If the nozzle output is 10% more or less than the ideal output, remove, clean and retest the nozzle. If the nozzle is still compromised, replace the nozzle (both discs and spacers in the case of disc-core or disc-whirl nozzle assemblies). A maximum of 5% variation is ideal but can be difficult to detect in field conditions. If two or more nozzles have an output 10% more than the ideal, this is evidence that all nozzles are almost spent and the entire set should be replaced. Nozzle wear is a function of the products sprayed, the operating pressure and the duration used. Generally, consider replacing a nozzle set once a year or at the first signs of deterioration, whichever comes first. The cost of renewing an entire set of nozzles is a fraction of the cost of waste and potential crop damage. Inevitably, all nozzles wear out, even ceramic ones.

Disc-core and disc-whirl nozzles are often installed incorrectly. Common errors include:

  • disc and core (or whirl) materials are different
  • core or whirl plate is installed backwards
  • seal around or before core or whirl (when required) is deteriorated or missing
  • cap is over-tightened and compression changes spray pattern or cracks ceramic disc. They should only ever be slightly beyond finger-tight.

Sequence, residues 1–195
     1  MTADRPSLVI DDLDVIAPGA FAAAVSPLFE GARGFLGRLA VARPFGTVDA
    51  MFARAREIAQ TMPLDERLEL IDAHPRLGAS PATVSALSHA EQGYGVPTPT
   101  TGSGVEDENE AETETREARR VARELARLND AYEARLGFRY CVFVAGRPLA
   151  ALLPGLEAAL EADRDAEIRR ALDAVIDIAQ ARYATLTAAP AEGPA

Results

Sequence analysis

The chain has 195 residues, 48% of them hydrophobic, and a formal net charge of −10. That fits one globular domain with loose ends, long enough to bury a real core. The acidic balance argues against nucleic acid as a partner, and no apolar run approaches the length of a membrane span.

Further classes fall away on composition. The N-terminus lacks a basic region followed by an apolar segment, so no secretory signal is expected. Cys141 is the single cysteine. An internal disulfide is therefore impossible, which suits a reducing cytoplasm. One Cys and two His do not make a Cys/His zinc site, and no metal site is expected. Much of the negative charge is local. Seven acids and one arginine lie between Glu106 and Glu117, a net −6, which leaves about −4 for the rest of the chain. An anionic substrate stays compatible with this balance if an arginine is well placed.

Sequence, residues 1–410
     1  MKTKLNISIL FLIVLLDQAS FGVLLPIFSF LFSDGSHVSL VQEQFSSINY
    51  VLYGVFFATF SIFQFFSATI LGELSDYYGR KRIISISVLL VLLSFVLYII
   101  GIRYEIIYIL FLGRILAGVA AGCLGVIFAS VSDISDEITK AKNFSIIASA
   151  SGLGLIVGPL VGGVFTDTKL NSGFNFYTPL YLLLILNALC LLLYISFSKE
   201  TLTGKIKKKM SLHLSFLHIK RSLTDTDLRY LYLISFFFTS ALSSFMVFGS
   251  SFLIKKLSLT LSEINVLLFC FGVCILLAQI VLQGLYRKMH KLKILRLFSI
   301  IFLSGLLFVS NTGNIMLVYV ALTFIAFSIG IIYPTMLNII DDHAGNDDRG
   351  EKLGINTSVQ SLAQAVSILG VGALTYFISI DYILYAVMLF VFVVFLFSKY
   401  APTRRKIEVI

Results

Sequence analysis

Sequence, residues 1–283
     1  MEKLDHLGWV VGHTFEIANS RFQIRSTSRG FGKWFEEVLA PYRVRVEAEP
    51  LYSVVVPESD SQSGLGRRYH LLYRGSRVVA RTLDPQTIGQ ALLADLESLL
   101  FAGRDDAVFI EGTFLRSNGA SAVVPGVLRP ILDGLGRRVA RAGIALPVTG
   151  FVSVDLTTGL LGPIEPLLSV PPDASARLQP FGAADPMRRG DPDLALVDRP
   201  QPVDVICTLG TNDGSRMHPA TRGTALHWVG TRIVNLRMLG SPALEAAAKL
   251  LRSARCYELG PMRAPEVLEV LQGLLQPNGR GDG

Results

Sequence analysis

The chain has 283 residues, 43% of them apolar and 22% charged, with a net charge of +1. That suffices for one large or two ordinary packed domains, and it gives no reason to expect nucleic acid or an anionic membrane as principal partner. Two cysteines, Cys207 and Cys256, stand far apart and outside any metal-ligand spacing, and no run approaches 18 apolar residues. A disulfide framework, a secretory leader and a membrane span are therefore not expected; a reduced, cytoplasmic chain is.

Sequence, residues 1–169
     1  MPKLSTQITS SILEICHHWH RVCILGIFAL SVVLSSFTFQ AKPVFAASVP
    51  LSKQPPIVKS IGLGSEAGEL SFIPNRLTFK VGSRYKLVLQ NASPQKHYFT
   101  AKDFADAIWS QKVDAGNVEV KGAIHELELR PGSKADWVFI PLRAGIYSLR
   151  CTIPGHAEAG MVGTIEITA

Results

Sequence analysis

Consider switching to moulded single-piece cone-pattern tips, which are colour-coded for quick reference, are compatible with most nozzle bodies (known exceptions are most John Bean and FMC) and are easier to clean and replace. Air-induction hollow-cone nozzles are also available for airblast applications, and there is considerable experimental evidence that they perform as well as conventional nozzles and reduce drift. Be aware that the range of outputs available in moulded single-piece nozzle tips is limited compared to disc-core, but in most cases a satisfactory distribution can be achieved.

Cleaning the Sprayer

Before cleaning a sprayer, read the equipment manufacturer's directions and consult the pesticide label for any special instructions. Ideally, clean sprayers at the end of each day (even if the same pesticide will be sprayed the next day) and before switching products. Many growers do not do this, but residues increase the chance of operator contamination, can damage sprayer components and may be incompatible with other products. There are two, situation-specific methods for cleaning an airblast sprayer. The first is when similar products will be used on two consecutive occasions. The second is when the product will be changed or when storing the sprayer for a prolonged period of time (e.g., winterizing). Common to both are the steps for triple-rinsing the sprayer.

Triple-Rinsing

Sprayers can retain several litres of spray solution following an application, even when the tank appears empty. Rinsing the spray tank multiple times with lower volumes has proven more effective at reducing pesticide residue concentration than a single, high-volume rinse. Low-volume rinsing may not be suitable for certain products; check the pesticide label for cleaning instructions.

  1. Add clean water to the tank to 10% capacity (ideally 10 parts water to 1 part spray solution remaining in the lines) and circulate it through the entire sprayer for 10 minutes. Open and close any control valves during this process.